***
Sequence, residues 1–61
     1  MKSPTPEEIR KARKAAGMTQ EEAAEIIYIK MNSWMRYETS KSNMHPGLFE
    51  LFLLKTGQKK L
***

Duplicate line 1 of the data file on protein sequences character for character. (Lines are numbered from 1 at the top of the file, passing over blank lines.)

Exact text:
Sequence, residues 1–61